AI Geniuses think machines will be able to out perform human minds in every application and human beings really will become unnecessary.
In this week’s podcast, Walter Bradley Center director Robert J. Marks interviews futurist George Gilder on “How AI is gaming intelligence.” Their discussion stems from Gilder’s new book, Gaming AI: Why AI Can’t Think But Can Transform Jobs (free for download here).
From the transcript: (Show Notes, Resources, and a link to the complete transcript follow.)
Robert J. Marks (pictured): In general, do you see AI as a new demotion of the human race? This is pretty serious prose.
George Gilder: Well, it declares that the human mind is just a machine that can be simulated by computer algorithms … thus demoting the human endeavor from being the center of everything, to becoming a mere planet of a larger body.
And ever since then, science has been further demoting the earth to a fringe planet. And one of multiple parallel universes that are often assumed without any grounding or persuasive evidence. So this is machine learning and AI, artificial intelligence are believed to be headed for a the Singularity, as my friend Ray Kurzweil calls it, in which machines will be able to out perform human minds in every contingency and application and human beings really will become unnecessary.
Note: The evidence from science is that the universe is fine-tuned for life, Earth is in an especially life-friendly position, and there is no evidence for any universe other than our own.
Gilder and Marks went on to discuss how AI triumphs at games like Go created a belief that the problem-solving programs were really “thinking”:
George Gilder (pictured): And now to this day, people who say AI is going to usurp human brains… continue to cite the victory in Go, and the victory in chess. But games are identified by the fact that the symbol systems and the actual objects, the maps and the territories, are the same thing…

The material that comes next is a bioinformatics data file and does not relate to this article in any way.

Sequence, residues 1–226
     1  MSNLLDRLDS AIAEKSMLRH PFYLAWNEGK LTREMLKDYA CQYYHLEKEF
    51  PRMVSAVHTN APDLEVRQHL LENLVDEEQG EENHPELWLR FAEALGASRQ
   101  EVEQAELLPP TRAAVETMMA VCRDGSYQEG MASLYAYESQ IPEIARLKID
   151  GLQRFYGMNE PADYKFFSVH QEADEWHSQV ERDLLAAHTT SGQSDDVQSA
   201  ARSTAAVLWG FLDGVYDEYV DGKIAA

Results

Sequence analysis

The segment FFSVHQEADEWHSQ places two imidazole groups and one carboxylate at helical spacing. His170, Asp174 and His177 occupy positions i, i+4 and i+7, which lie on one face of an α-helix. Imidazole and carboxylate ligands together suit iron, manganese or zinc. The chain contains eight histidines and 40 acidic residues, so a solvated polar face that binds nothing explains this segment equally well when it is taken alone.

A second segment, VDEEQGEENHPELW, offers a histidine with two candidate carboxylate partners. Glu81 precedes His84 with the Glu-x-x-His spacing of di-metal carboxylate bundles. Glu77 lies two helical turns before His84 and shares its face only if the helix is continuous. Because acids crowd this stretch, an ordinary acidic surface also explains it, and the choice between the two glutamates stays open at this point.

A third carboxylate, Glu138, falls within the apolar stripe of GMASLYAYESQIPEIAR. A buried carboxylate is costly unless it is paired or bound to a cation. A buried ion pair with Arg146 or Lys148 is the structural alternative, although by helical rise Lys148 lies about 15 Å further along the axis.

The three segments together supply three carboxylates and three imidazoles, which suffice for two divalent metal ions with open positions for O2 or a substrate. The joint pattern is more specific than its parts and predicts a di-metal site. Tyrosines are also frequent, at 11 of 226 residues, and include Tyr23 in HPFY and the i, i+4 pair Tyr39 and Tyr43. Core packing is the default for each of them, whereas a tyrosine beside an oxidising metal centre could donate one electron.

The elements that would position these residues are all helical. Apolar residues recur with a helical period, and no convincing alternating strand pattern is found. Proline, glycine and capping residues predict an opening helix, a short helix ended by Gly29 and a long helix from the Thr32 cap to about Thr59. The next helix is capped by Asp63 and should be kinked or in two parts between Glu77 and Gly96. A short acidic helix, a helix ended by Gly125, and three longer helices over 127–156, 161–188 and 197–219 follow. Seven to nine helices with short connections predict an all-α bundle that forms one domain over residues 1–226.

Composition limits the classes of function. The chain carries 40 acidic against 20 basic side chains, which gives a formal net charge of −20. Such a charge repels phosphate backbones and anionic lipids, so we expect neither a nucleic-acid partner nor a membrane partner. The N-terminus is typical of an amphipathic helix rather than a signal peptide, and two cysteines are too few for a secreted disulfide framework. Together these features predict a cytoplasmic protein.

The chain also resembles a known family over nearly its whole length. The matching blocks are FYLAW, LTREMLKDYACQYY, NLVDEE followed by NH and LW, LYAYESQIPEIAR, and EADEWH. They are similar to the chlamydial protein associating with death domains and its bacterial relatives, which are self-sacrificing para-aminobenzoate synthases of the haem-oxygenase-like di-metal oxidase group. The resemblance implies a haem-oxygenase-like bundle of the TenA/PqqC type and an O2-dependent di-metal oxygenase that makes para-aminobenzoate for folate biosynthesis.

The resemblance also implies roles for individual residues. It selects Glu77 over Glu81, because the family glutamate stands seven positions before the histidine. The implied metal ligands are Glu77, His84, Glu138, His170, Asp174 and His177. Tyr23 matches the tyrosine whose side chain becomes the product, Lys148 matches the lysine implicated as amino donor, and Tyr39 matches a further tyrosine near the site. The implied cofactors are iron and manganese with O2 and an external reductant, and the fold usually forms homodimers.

In Go, you have these two little stones and you move them across a board with hundreds of points on it. And the symbols and the objects are the same. So that if you can program the computer to conduct these Go games at billions of cycles a second, they can obviously outperform any human being. But that’s because there’s no difference between the symbol and the object.
But in the rest of the world where we live, we have symbols, we have mathematical languages, we have computer codes. We have a vast array of symbol systems, which allow us to interpret reality, but the symbols are never the same as the reality. They’re labels. They got to be applied by human minds, to reality.
Note: A candidate for an elected office, conducting a campaign, will surely understand the problem Gilder outlines. There is 1) the electoral district, the polling stats, and plenty of free fundraising advice from the Party. That’s the map.
And then there are 2) the thousands of individual human inhabitants of the district who are eligible to vote, who can be reached most effectively by knocking on their doors (the territory).
The map and the territory can diverge in unexpected ways, which helps to account for surprising Big Data polling failures when predicting election results.
Here are a couple of recent Mind Matters News stories that highlight Gilder’s key themes:
Why AI geniuses think they can create true thinking machines. Early on, it seemed like a string of unbroken successes … In Gaming AI, George Gilder recounts the dizzying achievements that stoked the ambition—and the hidden fatal flaw.
Why AI geniuses haven’t created true thinking machines. The problems have been hinting at themselves all along. Quantum computers play by the same rules as digital ones: Meaningful information still requires an interpreter (observer) to relate the map to the territory.
Originally published by mind matters